I have been going through the process of updating our critique to match the published version of Oreskes et al. ("Chicken Little"). As I was reading the paper I came across a story about Fred Koomanoff.
After relating the story about Koomanoff telling Keeling that his funding would be cut off. (Of course without mentioning that Nierenberg was the one who saved the funding.) They continue with this "The problem got worse when Democrats in congress held hearings on the climate research program. Koomanoff was a key witness, and he emphasized model uncertainty." This is uncited although the entire paragraph cites testimony of "Friends of the Earth". I don't think Koomanoff would have testified with that particular group.
In the next paragraph. "Koomanoff's testimony unsettled the climate scientists, but the difficulty went further. In a meeting with the Academy, he made it clear that the administration exprected the scientists to toe the line. 'Those who must make decisions...deserve better than to hear divergent voices from the scientific community.'" This cites a letter from John Perry to the Carbon Dioxide Assessment Committee
Now I didn't really think too much about this for a couple of reasons. First I had heard the story about Koomanoff and Keeling, so I could imagine him taking a hard line. Second it didn't directly involve the central themes of our critique. Or so I thought.
Then I considered the fact that there wasn't a single case where I had gone to a source document and found that is was consistent with what Chicken Little had said. There was always something wrong. In some cases, as I have documented in this blog, it has been pretty ridiculous. So just for fun I decided to get a copy of the Perry letter from the Scripps archives.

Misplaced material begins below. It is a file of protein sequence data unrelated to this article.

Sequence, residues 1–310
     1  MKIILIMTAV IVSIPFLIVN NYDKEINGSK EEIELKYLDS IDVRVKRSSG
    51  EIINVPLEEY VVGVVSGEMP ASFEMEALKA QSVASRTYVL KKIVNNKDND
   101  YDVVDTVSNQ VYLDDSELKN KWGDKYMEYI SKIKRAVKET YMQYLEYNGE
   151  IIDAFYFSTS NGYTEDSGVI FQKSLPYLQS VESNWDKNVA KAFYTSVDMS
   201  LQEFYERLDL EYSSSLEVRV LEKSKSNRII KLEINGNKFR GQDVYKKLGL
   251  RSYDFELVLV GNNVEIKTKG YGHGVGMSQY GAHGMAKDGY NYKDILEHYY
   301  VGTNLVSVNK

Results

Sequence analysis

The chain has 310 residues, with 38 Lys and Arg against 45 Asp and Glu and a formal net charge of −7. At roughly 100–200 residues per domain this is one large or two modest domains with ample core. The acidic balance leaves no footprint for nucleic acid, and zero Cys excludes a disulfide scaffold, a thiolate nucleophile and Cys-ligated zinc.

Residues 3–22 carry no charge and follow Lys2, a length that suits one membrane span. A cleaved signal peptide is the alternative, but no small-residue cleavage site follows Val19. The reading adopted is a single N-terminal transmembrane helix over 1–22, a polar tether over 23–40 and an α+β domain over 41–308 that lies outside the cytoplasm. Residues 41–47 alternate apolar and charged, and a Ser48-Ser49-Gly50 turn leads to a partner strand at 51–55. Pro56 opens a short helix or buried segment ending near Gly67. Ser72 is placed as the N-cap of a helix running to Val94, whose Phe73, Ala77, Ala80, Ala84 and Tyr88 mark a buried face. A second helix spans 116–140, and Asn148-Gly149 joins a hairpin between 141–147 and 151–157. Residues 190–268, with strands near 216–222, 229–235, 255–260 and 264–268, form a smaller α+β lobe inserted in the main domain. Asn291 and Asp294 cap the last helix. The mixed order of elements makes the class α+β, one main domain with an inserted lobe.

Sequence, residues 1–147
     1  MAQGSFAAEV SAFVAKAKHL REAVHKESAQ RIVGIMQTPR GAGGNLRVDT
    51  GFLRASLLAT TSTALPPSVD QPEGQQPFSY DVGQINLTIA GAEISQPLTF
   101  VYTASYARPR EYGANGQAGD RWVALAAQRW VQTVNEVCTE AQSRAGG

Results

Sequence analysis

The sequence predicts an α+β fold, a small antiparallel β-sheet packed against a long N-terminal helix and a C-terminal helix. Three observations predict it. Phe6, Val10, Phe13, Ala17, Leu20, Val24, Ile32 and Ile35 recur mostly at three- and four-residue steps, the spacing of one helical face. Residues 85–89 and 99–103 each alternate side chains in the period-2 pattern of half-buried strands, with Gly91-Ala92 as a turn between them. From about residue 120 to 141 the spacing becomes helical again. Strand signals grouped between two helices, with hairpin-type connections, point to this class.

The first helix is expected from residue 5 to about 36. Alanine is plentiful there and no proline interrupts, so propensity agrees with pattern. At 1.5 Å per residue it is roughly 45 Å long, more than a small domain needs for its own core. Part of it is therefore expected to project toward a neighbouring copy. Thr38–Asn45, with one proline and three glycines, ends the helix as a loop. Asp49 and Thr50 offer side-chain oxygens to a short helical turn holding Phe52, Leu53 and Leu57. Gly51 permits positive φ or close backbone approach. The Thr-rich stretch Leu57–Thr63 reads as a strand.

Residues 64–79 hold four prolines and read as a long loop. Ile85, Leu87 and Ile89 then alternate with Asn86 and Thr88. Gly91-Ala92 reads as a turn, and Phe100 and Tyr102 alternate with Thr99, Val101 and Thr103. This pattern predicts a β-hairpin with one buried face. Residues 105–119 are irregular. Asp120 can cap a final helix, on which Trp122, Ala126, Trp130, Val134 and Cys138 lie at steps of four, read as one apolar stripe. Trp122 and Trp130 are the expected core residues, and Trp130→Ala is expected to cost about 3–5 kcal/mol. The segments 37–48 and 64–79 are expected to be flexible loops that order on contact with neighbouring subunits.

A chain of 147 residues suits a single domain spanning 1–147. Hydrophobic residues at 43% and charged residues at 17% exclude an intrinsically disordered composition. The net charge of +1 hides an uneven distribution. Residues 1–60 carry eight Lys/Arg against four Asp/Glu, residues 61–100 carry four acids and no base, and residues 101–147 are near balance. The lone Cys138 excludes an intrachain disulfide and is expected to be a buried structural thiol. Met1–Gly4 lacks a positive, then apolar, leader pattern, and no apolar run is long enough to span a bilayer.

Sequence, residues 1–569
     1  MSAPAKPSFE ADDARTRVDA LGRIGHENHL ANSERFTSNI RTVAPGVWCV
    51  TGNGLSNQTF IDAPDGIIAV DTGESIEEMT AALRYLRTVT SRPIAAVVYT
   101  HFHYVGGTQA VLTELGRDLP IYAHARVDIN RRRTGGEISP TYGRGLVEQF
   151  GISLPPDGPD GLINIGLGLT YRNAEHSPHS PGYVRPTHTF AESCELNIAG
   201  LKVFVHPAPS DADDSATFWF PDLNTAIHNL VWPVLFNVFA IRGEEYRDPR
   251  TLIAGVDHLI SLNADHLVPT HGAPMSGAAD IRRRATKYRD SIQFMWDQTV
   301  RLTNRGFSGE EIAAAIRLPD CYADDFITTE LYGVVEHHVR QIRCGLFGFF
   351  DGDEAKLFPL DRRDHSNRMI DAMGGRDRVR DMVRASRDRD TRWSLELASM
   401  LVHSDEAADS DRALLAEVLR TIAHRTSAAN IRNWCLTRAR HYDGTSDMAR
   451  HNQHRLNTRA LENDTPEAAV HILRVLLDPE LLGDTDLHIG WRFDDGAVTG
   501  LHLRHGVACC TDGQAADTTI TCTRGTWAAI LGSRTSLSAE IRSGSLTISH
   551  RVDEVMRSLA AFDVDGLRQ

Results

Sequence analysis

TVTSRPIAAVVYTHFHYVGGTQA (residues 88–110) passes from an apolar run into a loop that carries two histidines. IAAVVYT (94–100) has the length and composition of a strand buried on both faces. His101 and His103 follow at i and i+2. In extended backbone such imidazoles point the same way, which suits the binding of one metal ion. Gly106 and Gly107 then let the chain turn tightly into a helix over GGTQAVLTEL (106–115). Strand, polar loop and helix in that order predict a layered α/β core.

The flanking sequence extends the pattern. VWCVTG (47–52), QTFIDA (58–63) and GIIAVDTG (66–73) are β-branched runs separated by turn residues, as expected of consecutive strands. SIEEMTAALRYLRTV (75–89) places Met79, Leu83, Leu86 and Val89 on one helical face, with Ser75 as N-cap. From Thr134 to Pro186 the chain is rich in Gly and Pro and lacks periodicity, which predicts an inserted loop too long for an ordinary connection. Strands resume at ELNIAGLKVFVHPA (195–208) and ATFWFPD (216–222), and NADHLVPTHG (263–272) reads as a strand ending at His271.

Well we can score another hit for Oreskes reporting something different than what is in the source document. And the cool part is that they cited from this letter three times, and they are wrong every time.
Let's start with the Koomanoff quote, as this one is pretty easy. There are two problems. First Koomanoff didn't say it. While Perry says that Koomanoff, and James Kane made introductory remarks this remark was clearly made by Kane. The second problem is that Koomanoff and Kane defined consensus "as 'sufficient agreement to form a basis for action.'" So other than the fact that Oreskes et al. attributed the remark to the wrong person, and changed the meaning completely they were right on the money.
Now let's look at another quote that they claim to pull from the same letter. "In meetings with the Climate Research Board, Energy Department officials told Academy members that they 'did not approve of...sepculative, alarmist, 'wolf-crying' scendarios." This quote can't be found anywhere in the letter at all. Maybe it is just an incorrect footnote since the next sentence references the fourth session of the CDAC in September 1981. The only person who mentions "wolf crying" in the cited Perrry letter is Mancur Olson from the University of Maryland. "Here fanaticism, wolf crying, and a multitude of dissenting views may unnecessarily slow the acceptance of information and the adoption of sensible adjustments to it."
Finally they 'quote' Tom Pesorius. "Moreover, there was no need for alarm, the new senior policy analyst at White House Office of Science and Technology, Tom Pesorius insisted, because 'technology will ultimately be the answer to the problems of providing energy and protecting the environment.'" Well, the last portion of this is correct. But Pesorius doesn't say that there was "no need for alarm", let alone "insist" on it. After a discussion of issues dealing with reaching a consensus Perry ends this paragraph with "Concluding, he expressed the belief that technology will ultimately the [sic] answer to the problems of providing energy and protecting the environment."
Now this last statement doesn't seem controversial to me. Solar, nuclear, sequestration, high mileage vehicles are all examples of technology. It only gets that way when Oreskes pumps it up with things like "no need for alarm" and "insists."
So there you go. My rule is intact, if you follow any reference from Oreskes et al. 2008 you find something completely different than what they say.
If you want to see the Perry letter here it is.